Using Salt as Chemical Fertilizer or Garden Manure?
Salt as Chemical Fertilizer or Garden Manure
Common salt (sodium chloride) is probably the oldest chemical fertiliser and yet little or nothing seems to be known about how and why it acts. In fact, sometimes it doesn’t and certainly an excess will kill plants as effectively as any weedkiller. In this connection it is rather interesting to note that if a heavy application of salt is used as a weedkiller, after a period of time the weeds come back with double their original vigour.
The recognition of the manurial uses of salt dates back to the very earliest recorded times. There are many allusions to its use in the Old Testament, and again in the New, whilst according to writers such as Pliny, it was well known as a manure in Roman Italy. The Persians and the Chinese are recorded as having used it from time immemorial as a fertiliser, particularly for dates.
It seems, too, on looking through ancient books that it was used for a number of purposes some beneficial and some as punishment. For example, it was customary for the ancient Jews and the Romans after a total conquest of a city or a nation, to spread salt thickly on the fields, after razing the buildings. Having access to considerable quantities in the ‘salt’ sea, one could follow their logical reasoning.
It has been described as an insecticide, a germicide and as an antiseptic. The Romans also used salt to spread on a spot where some great crime had been committed. I have traced its use in England back for hundreds of years and Lord Bacon had a lot to say about it – whilst Coke of Norfolk used it in considerable quantities.
Before 1914, large quantities of salt together with herring heads and insides, were carted on to the fields, especially where sugar beet were grown. With this in mind, my father used to tell me stories of two old village rustic characters, ‘Old’ Bob Davidge and ‘Old’ Betty Carlidge, who used to stock up on salted herrings when they were scattered on the land. Old Bob, a hedger and ditcher, used to toast many a herring over his breakfast fire and most appetizing they smelt too on a cold frosty morning.
I have been intrigued with the use of salt in the garden and on various crops ever since that time. Broadly, my experience has been that it makes poor land poorer but heavily-manured land better. It assists in the flocculation of fine particles, much in the same way as lime, but it seems to act perhaps more as a digestive by making solutes (solution of chemicals) more readily available and more easily assimilated.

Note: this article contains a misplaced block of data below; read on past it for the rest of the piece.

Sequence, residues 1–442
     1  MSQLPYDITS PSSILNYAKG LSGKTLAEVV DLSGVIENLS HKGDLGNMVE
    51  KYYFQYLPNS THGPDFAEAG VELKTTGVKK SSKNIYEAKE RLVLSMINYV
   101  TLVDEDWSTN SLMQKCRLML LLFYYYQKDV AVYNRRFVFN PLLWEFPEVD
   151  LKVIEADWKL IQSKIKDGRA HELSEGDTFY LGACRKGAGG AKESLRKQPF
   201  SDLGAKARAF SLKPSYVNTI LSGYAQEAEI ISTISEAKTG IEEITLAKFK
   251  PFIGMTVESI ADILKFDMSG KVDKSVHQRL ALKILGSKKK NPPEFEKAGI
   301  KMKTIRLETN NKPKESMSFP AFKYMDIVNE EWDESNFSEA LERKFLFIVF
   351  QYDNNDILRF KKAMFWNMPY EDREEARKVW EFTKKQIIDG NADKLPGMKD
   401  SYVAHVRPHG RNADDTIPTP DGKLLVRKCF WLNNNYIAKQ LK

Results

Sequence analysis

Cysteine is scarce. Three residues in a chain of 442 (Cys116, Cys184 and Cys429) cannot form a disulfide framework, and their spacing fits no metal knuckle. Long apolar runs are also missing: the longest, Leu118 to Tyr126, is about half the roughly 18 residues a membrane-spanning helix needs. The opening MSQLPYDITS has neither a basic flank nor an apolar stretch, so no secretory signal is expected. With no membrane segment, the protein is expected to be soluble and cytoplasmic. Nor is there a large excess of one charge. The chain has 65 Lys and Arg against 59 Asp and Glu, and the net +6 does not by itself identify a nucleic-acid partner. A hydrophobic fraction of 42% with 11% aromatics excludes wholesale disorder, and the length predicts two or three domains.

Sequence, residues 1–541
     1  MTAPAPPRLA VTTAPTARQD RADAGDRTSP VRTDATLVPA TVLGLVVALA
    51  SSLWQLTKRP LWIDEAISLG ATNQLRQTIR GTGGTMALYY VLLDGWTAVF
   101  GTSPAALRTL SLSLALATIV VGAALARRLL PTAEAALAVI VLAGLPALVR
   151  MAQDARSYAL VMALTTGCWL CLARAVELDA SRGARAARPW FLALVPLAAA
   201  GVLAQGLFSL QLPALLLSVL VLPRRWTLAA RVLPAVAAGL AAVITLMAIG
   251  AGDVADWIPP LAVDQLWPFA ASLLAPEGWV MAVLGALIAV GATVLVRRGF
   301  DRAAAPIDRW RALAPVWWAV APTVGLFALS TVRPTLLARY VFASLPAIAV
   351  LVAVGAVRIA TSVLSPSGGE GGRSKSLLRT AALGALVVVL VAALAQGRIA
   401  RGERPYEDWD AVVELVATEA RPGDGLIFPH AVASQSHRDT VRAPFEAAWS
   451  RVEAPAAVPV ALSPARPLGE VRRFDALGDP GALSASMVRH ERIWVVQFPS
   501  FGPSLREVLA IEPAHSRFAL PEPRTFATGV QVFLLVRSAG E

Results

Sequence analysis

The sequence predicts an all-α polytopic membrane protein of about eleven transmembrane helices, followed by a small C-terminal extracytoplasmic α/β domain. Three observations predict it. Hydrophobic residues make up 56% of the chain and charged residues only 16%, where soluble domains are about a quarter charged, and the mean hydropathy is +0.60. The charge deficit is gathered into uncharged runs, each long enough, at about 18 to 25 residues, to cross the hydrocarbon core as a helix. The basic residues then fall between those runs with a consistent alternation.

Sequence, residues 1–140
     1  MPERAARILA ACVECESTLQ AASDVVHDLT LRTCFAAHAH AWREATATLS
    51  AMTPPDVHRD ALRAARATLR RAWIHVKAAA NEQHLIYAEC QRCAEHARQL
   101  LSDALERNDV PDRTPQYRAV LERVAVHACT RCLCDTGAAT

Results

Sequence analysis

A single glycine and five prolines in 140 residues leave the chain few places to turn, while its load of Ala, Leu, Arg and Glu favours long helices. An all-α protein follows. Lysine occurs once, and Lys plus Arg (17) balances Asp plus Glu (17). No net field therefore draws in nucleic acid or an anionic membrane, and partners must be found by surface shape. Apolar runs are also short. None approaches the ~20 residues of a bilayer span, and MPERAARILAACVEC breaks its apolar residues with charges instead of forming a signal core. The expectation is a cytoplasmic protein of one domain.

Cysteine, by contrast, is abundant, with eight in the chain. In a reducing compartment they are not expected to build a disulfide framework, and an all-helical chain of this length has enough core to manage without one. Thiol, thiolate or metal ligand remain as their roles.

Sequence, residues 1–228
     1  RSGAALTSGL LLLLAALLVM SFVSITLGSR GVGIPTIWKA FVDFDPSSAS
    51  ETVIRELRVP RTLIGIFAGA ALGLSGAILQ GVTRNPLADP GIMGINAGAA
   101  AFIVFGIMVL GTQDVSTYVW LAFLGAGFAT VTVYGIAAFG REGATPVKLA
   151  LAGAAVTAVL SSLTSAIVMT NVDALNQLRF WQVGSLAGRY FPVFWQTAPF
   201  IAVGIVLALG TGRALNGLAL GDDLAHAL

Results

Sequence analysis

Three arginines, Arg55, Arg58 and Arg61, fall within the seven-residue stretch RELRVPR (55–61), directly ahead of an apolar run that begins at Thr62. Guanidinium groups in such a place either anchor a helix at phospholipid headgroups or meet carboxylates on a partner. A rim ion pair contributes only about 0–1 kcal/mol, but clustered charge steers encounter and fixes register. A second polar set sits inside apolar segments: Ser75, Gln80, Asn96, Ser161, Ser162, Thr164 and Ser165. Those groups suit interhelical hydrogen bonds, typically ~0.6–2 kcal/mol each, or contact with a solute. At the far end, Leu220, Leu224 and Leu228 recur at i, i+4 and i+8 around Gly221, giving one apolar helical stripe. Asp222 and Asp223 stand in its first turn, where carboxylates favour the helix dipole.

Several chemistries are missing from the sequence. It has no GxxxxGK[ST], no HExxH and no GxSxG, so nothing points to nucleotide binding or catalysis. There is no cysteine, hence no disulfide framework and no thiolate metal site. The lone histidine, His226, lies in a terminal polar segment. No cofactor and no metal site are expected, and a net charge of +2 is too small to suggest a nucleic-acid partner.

It appears to me that the action of salt as a manure is indirect and not direct. This is in a line with sugar and yeast residues which are often used to put girth on exhibition leeks. Salt, of course, went out of favour as a fertiliser with the introduction of more precise chemical fertilisers but for some crops I still use it, particularly on asparagus and beetroot. I also use it on over-wintering brassicas such as sprouts, savoys and cabbage, as well as spring-maturing broccoli.
The old gardener’s measure was a cubic inch of salt to the square yard of. The cubic inch was measured by making a square hole in a potato or turnip; I used a heaped teaspoonful. The main advantage as far as I’m concerned seems to be that it acts a bit like anti-freeze and makes the foliage less liable to damage by the alternate freezing and thawing which plays havoc with overwintering brassicas.
I found the following quote in an old book:
‘common salt – chloride of sodium – applied in the spring at the rate of 20 bushels per acre has been found very beneficial to asparagus, broad beans, lettuce, onions, carrots, parsnips, potatoes and beets. Indeed, its properties are so generally useful, not only as promoting fertility but as to destroying slugs, that it is a good plan to sow the garden every March with this manure’.
Theis included in this recommendation:
‘for some of the best practical gardeners recommend it for the stock, hyacinth, amaryllis, ixia, anemone, colchicum, narcissus and ranunculus. And in the fruit garden it has been found beneficial to almost every one of its tenants, especially the cherry and the apple.
There must be fertilising matter present in the soil if it is to act favourably. Studying the experience of Norfolk farmers of 100 years ago, it would seem that by greed they ultimately did more damage than good. They found, as many other people have found, that a small quantity of salt applied with heavy dressings of manure produced beneficial results on virtually all crops. They then reduced the quantity of manure and sold this and increased the quantity of salt, which was cheap, the result being that the crops and the soil became poor, hence the old jingle ‘salt and lime without manure makes both land and farmer poor’.
In the early days of artificial fertilisers, salt was often used as an adulterant, especially in the fertiliser known as muriate of potash, sometimes described as agricultural salt. Salt can be found naturally in virtually everything, animal and vegetable alike. More and more we are finding out that it is the tiny microscopic amounts of a substance that can make or mar man, animal or vegetation and so it would appear to be the case with salt.